Mathematics is like marmite: either you love it or hate it. Most people who hate it do so because ‘it’s too hard’ or ask ‘what’s the point’, while those who love it tend to be those who use the subject in the workplace or are studying it. Will mathematics always be like this, or is there a way to change the perception of maths and make it more fun and appealing?
MathsWorldUK has a plan to develop a museum dedicated to mathematics in the UK. The idea behind this is to provide the public with a chance to see how mathematics is used within our society, and experience the discoveries mathematicians have made – for themselves.
The Science Museum in London have created a Facebook timeline of Alan Turing’s life and events afterwards. It’s an excellent use of the new Timeline feature – you can scroll up and down the timeline from Turing’s birth to the current day, which contains plenty on his codebreaking and work with early computers as well as more mundane things like his schooling and the invention of the very first chess-playing computer program. Appropriately, his tragic death is a small footnote to a fascinating life, just a couple of lines. Scrolling back up towards the present, you can see how Turing’s reputation was restored and commemorated, leading up to 2012, the Alan Turing Year.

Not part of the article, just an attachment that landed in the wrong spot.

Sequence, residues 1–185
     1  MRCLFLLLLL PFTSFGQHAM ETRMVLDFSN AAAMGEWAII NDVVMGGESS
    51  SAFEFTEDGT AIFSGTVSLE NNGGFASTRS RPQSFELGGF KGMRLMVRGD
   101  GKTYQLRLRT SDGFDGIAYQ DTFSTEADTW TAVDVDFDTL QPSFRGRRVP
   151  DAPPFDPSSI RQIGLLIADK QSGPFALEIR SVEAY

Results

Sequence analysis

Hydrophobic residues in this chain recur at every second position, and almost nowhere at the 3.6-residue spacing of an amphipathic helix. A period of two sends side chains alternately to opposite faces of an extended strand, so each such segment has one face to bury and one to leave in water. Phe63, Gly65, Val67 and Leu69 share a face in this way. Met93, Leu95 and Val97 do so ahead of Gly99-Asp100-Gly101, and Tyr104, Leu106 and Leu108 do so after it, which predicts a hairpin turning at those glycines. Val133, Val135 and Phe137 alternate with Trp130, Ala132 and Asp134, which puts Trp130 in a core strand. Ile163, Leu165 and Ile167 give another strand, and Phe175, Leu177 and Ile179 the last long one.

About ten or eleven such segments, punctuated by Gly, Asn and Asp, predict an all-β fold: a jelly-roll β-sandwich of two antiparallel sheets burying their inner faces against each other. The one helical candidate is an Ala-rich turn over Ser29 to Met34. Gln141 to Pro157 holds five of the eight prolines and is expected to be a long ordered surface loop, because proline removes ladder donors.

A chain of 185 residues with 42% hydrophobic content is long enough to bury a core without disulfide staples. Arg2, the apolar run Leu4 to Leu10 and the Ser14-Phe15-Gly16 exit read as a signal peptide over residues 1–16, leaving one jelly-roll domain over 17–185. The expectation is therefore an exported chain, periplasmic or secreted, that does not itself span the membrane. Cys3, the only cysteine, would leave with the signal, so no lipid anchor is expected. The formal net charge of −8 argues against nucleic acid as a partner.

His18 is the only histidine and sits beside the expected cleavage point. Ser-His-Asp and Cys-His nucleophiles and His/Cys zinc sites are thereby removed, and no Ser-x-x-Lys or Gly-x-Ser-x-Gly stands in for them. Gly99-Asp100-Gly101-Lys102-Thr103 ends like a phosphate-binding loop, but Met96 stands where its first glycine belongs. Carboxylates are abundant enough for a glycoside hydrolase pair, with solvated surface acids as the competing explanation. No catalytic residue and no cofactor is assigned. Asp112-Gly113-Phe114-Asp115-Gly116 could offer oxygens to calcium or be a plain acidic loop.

The Telegraph numeracy campaign has a review of Intersections, an exhibition available at The Mathematics Gallery at the Science Museum and at the Royal Society from 5 April to 20 June 2012, which “throws new light on the often overlooked common ground of art and maths”.
The article writes about Henry Moore, who drew inspiration from the Mathematics Gallery at the Science Museum while a student at the Royal College of Art in the 1920s.
What particularly fired Moore’s artistic imagination in this gallery was the collection of 19th-century “ruled surface models” – a rather opaque name for what are arrangements of strings, pulled taut between either wood or metal plates, which can then be adjusted to create complex three-dimensional shapes with exotic names like conoid, ellipsoid and cylindroid. They were built – primarily in a workshop in Munich – in an effort to make real for students of pure mathematics, as well as trainee engineers and architects, geometric forms that could otherwise only be expressed in abstract equations.